T20 Fever is not the greatest app for novices trying to learn the rules of cricket, so a few basics. Baseball fanatics will need to start thinking of pitchers as “bowlers,” catchers as “wicketkeepers” and apply the rules mentioned above (and maybe wear “Howzat?” t-shirts). There’s obviously more rules besides those since, as 007 puts it, “cricket is a much more difficult and skillful game” than baseball. One example, just to dip a toe in the water, is two batters are up at the same time (think of one at home plate and one at second base for now). Believe it or not, this makes more sense when you learn the batters’ area (definitely don’t call it a “box”) is in the middle of their field. An outstanding way to learn the rules in a few minutes is by watching a series of short videos at http://commons.wikimedia.org/wiki/File:This_is_cricket.OGG.
The non-interactive tutorial explains and illustrates the basics of batting and bowling actions, but allowing the player to practice these skills as well would be a lot more useful. Instead, you just tap a “next” button a few times until a “you are a quick learner” message appears at the end regardless of whether you understood or even read the instructions.
It’ll also be your initiation into probably the game’s most irritating aspect: a nearly non-stop barrage of in-game ads (often in delayed “loading” screens between routine actions) for a product I will never buy again. I could excuse the intrusion if this were a free app, but $5 starts edging close to premium pricing, especially for a sport that’s relatively obscure when it comes to videogaming. That might be a reason Indiagames needs to squeeze every rupee from it they can, but the alternative titles I mentioned above are considerably less intrusive in this regard.
Options in the game-select menus allow toggling of cutscenes, instant replay and sound. This is also where players select teams, stadium location, one of three difficulty levels and the number of “overs” (a series of six legitimate pitches) that determine the length of the game. Something huge that will be missed by devotees of sports video game franchises from Madden all the way back to Football Manger in the early 1980s is roster management. No drafting or trading players, salary caps, injuries or other off-field activities so vital to all professional sports these days.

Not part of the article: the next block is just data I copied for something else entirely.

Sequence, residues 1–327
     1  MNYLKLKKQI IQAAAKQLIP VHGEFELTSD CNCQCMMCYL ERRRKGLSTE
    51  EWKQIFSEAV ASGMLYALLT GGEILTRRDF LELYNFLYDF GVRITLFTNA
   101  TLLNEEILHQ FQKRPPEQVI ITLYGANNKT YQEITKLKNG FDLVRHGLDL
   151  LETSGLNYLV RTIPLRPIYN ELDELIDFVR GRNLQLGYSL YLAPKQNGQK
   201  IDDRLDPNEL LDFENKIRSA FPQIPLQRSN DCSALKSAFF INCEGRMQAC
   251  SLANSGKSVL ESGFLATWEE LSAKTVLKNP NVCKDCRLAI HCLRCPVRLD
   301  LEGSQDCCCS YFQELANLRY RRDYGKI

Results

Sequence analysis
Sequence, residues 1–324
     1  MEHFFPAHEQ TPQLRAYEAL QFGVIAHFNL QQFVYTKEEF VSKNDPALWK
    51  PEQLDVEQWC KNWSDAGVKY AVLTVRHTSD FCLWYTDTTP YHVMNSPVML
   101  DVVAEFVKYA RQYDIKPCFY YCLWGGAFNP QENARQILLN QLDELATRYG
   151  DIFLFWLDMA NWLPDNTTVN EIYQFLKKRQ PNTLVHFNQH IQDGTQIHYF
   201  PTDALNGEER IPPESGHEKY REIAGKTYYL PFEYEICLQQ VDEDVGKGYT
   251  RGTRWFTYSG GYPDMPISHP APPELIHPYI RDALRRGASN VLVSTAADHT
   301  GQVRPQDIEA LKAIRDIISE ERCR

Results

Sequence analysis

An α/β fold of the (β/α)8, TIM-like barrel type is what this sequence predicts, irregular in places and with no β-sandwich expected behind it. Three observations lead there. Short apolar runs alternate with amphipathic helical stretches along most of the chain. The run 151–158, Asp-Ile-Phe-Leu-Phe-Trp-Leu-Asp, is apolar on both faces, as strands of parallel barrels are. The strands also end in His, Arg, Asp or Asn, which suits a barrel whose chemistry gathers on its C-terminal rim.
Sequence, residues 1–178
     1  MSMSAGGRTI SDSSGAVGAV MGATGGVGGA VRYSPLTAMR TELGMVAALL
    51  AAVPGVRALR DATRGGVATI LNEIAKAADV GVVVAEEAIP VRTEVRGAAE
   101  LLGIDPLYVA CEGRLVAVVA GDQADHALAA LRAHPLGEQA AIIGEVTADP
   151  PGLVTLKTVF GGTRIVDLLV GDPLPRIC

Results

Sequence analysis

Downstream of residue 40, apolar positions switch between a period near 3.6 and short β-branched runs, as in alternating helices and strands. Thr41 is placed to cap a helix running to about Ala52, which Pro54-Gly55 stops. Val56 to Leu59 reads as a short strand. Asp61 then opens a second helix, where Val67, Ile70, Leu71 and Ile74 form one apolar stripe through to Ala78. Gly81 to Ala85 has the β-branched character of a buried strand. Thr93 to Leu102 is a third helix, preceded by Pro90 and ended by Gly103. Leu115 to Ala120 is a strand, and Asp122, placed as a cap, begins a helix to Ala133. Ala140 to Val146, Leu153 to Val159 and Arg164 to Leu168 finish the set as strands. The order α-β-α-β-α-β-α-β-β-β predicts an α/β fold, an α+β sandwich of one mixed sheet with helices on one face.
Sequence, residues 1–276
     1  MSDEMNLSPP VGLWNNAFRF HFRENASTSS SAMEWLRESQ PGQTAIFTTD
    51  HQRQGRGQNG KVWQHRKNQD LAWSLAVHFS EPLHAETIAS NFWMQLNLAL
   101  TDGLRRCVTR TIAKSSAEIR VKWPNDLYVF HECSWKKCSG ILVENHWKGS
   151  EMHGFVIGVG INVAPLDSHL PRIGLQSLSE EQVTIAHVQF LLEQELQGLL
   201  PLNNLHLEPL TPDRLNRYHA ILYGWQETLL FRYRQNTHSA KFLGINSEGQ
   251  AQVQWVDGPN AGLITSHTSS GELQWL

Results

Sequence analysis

So T20 Fever lives or dies on its on-field action. Unfortunately, my sense is it’s too awkward to lure novices and not in-depth enough to satisfy hardcore players. The latter is a hard judgement to make by someone whose far from an expert, but your inability to control your runner and fielders after a hit are a good indicator. Again, using a baseball reference, imagine all you do after a hit is tap a “run” button once and a “don’t run” button if you want him to stop at the base he’s approach, and doing nothing but watch your infield/outfield when the other team gets a hit.
Batting will likely be far easier than bowling for first-timers since the only quick reflex really necessary is timing that swings your bat (and the speed of the oncoming ball is notably slower than Major League Baseball). The interface is a little awkward since sometimes you press a tiny prompt button and sometimes anywhere on the screen to advance the action past various cut scenes. It took a number of pitches before I managed to connect for the first time, but like any bat-and-ball game improvement comes with time.
Those debating the merits of cricket over baseball probably won’t find T20 Fever useful from the batting perspective since there’s not a lot of action/strategy besides picking hitters in the right order to face bowlers and knowing when to tap the “don’t run” button if you can’t score additional runs safely. There is also a “loft” button that toggles between ground and air hits, with the former being safer and the latter offering a chance at those six-run out-of-the-field shots. (Cricket players might argue the nuances of my opinion, but I can’t see them winning over new coverts to the sport, which this review is about).
Bowling and fielding is a different story, which some newbies may have already realized upon hearing the batters are positioned in the center of the ballpark. A couple other things to mention is the batters run past each other simultaneously after a hit (so the “other” guy bats if they can only score one run safely) and after every “over” the bowler (or often a new one, since various fielders take turns at the position) throws in the opposite direction.